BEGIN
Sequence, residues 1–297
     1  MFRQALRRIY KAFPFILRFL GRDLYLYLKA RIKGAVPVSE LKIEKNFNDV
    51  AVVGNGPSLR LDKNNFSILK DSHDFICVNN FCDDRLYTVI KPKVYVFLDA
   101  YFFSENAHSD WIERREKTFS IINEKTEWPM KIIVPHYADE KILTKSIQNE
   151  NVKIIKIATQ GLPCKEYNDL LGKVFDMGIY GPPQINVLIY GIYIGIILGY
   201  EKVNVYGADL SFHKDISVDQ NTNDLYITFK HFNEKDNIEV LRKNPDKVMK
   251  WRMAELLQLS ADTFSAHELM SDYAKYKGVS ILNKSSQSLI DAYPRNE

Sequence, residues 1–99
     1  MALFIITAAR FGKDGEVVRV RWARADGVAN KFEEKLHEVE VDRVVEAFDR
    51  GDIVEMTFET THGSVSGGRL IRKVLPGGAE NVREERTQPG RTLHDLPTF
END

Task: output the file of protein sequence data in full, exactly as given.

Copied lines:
Sequence, residues 1–297
     1  MFRQALRRIY KAFPFILRFL GRDLYLYLKA RIKGAVPVSE LKIEKNFNDV
    51  AVVGNGPSLR LDKNNFSILK DSHDFICVNN FCDDRLYTVI KPKVYVFLDA
   101  YFFSENAHSD WIERREKTFS IINEKTEWPM KIIVPHYADE KILTKSIQNE
   151  NVKIIKIATQ GLPCKEYNDL LGKVFDMGIY GPPQINVLIY GIYIGIILGY
   201  EKVNVYGADL SFHKDISVDQ NTNDLYITFK HFNEKDNIEV LRKNPDKVMK
   251  WRMAELLQLS ADTFSAHELM SDYAKYKGVS ILNKSSQSLI DAYPRNE

Sequence, residues 1–99
     1  MALFIITAAR FGKDGEVVRV RWARADGVAN KFEEKLHEVE VDRVVEAFDR
    51  GDIVEMTFET THGSVSGGRL IRKVLPGGAE NVREERTQPG RTLHDLPTF